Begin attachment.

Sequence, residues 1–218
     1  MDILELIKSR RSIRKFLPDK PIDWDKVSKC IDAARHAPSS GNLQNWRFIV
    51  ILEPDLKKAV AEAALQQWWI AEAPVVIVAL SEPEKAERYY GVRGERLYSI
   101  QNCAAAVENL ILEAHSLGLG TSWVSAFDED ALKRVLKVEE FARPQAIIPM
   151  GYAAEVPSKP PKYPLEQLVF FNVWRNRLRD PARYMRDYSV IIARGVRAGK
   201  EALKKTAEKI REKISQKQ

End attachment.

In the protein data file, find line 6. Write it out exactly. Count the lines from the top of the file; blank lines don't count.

   201  EALKKTAEKI REKISQKQ